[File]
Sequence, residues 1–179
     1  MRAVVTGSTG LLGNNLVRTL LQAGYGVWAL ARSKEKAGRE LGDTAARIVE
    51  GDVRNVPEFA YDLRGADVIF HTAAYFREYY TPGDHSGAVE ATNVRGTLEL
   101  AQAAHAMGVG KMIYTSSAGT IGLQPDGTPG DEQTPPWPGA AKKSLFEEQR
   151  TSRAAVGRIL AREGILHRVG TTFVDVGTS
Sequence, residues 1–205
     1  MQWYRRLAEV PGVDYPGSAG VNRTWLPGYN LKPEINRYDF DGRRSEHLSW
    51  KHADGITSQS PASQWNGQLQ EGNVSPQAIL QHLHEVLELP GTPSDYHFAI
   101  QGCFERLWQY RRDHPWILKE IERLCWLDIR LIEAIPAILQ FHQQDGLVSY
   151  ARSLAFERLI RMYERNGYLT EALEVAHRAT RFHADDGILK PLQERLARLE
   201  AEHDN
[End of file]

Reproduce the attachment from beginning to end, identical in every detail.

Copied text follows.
Sequence, residues 1–179
     1  MRAVVTGSTG LLGNNLVRTL LQAGYGVWAL ARSKEKAGRE LGDTAARIVE
    51  GDVRNVPEFA YDLRGADVIF HTAAYFREYY TPGDHSGAVE ATNVRGTLEL
   101  AQAAHAMGVG KMIYTSSAGT IGLQPDGTPG DEQTPPWPGA AKKSLFEEQR
   151  TSRAAVGRIL AREGILHRVG TTFVDVGTS
Sequence, residues 1–205
     1  MQWYRRLAEV PGVDYPGSAG VNRTWLPGYN LKPEINRYDF DGRRSEHLSW
    51  KHADGITSQS PASQWNGQLQ EGNVSPQAIL QHLHEVLELP GTPSDYHFAI
   101  QGCFERLWQY RRDHPWILKE IERLCWLDIR LIEAIPAILQ FHQQDGLVSY
   151  ARSLAFERLI RMYERNGYLT EALEVAHRAT RFHADDGILK PLQERLARLE
   201  AEHDN